Another example of a villain that had a chance to turn around and did not is Loki from the Avengers movie.

  5. I agree with Esther and other commenters – when writers bend over backwards to give villains a sympathetic story to explain their evil, it’s “part of the worldview that says we are all born as blank slates”.  As Christians I don’t believe we should proliferate that kind of thinking in our stories.  But while I believe we are all born as sinners with evil IN us, I also believe backstory can make a villain stronger.  I don’t think we should sympathize with villains (ugh), but understanding WHY they do what they do makes them a little deeper.  I liked the examples of Magneto and the White Witch (suggested by Lauren, above), and Voldemort (suggested by Rebecca).  They have good depth without asking readers to be sympathetic.

    The villains in my main book have always been a kind of mindless horde – think orcs, but sci-fi lizardy creatures.  They didn’t have any depth until recently, when I fleshed out motivations for the reason WHY they’re trying to take over two new planets.  Before, they were bloodthirsty for no good reason.  But now I have shown that they consider their world over-populated, and are looking for new territory to spread out.  Even a simple change like that can help make villains more understandable.

  6. Kessie says:

    All very good points!
    One trend I’m seeing is the “everybody is basically good” angle. Do you remember Lilo and Stitch? Stitch is the “villain”. He’s a monster created to destroy civilizations, especially large cities. Except Lilo makes friends with him and brings out his good side. By the end of the movie, there are no villains. I’ve always been very divided in my mind about it. On one hand, it’s good writing to have people following opposing goals that wind up creating conflict against each other. On the other hand, in a Disney, I’d rather there were Black and White. Make the Witch evil and the princess good.
    In Tangled, Mother Goetha (sp?) isn’t evil for the sake of being evil. She uses Rapunzel’s magic hair to keep herself young, and she’s immensely selfish. That conflicts nicely with Rapunzel’s desperate desire to leave the tower and see the floating lanterns. Except by the end, we’ve seen Goetha manipulate, lie, cheat, and basically reveal her true nasty nature. I think she rates right up there with Malificent. Except Goetha is like someone you’d meet in real life.

  7. Alassiel says:

    I think it takes all sorts of villains to make a story, just as there is in real life.  Some villains should do evil for evil’s sake, others should be convinced that they are really doing good, some should believe that the ends justify the means, and some should be so sympathetic that they border on being heroes.  Real people are all of those.

    Like others have said, it annoys me when the villain is portrayed as simply ‘misunderstood’, as if society is to blame for their evil ways.  Everyone has a choice, and their crummy childhood or whatever doesn’t excuse their actions.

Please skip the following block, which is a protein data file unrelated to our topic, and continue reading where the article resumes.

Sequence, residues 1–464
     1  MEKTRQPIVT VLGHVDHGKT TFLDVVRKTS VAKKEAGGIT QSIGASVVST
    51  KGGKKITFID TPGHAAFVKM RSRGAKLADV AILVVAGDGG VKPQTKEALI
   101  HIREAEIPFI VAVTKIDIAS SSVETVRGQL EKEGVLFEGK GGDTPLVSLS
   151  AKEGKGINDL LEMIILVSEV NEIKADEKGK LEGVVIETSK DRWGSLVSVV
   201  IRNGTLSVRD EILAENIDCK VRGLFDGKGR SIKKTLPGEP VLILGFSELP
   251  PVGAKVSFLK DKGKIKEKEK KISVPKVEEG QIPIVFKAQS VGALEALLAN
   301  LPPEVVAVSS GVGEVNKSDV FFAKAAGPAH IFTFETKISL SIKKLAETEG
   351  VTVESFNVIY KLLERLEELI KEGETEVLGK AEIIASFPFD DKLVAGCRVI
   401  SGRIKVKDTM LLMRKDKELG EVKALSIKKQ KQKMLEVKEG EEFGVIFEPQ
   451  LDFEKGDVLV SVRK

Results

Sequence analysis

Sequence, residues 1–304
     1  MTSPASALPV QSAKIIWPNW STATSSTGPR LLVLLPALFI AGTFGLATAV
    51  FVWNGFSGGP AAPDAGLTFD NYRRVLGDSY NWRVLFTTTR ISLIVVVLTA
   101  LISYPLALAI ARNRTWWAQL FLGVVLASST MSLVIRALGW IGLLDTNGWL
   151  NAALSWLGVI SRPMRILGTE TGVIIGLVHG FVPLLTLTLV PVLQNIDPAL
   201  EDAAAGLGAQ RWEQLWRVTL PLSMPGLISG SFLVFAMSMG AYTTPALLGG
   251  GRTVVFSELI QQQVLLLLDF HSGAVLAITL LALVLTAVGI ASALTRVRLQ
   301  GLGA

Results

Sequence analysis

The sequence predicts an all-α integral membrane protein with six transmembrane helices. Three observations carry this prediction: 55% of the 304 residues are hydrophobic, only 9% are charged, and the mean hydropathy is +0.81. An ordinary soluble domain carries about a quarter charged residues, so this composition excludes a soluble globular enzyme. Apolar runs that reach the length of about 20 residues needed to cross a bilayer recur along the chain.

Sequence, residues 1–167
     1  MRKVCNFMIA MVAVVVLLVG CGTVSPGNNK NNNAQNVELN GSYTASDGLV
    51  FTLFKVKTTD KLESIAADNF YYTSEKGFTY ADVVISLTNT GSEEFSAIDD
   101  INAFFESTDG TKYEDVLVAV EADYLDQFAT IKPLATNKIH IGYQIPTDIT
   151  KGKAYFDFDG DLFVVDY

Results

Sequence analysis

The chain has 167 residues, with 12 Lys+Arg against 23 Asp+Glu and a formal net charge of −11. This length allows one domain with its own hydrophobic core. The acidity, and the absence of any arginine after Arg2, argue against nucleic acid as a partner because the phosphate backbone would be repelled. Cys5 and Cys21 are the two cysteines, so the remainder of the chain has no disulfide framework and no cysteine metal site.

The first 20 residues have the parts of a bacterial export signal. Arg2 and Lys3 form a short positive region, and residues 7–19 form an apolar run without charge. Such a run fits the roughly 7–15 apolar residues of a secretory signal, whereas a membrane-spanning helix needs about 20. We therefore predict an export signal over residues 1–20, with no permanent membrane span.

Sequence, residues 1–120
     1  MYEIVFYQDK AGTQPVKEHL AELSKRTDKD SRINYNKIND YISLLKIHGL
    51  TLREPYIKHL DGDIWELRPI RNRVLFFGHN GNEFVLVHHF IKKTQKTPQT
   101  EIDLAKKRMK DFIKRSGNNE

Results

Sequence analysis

On the other hand, it really bothers me when a villain, especially a human one, is portrayed as wholly and completely evil.  There is no person who is completely without good or beyond redemption.   Sometimes, it seems like a writer justifies any action a hero takes against a villain simply by saying, “He’s evil.  He deserves it.”

    I think some of the most interesting villains mirror the heroes who oppose them.  When the villain and hero come from similar backgrounds or were faced with similar choices, but chose to live their lives in completely different ways, the contrast shows the villain to be all the more terrible.  The example that comes to mind is from the TV show Merlin.   Morgana, the evil witch, justifies her actions by claiming to be misunderstood and oppressed.  She thinks no one else could possibly know how she felt when she discovered she had magic, in a kingdom where that is forbidden.  However, Merlin has been living with magic in the same household for a long time, quietly using his powers to do good.  Whenever she hints that she had no choice, or that her behavior is justified, one look at Merlin’s actions under similar circumstances will prove her to be wrong.

  8. Jason Joyner says:

    Great thoughts John.

    I wonder if the difference is “epicness.” Star Wars and LOTR are epics that need a big scary bad guy to anchor the conflict. The small, ragtag band of rebel Hobbits going against the mighty Empire and its one Ring of the Force, or whatever.

    The other stories need the villain to be relatable.  Magneto makes a much better bad guy now because we see his motivation, even if it goes too far. X-men can be out there, but it isn’t as epic and is built more in the real world.

    My thoughts, such as they are on this crazy day.  

  9. D.M. Dutcher says:

    I like the understandable evil more, because it gives the possibility of repentance. If used well, it can add so much to a story. One of the better examples I’ve seen is in the little-known anime Spiral: The Bonds of Reason. The villains are the Blade Children, who kill to defend their secret, and who torment the protagonist Ayumu as he seeks to both unravel their mystery and find his lost brother.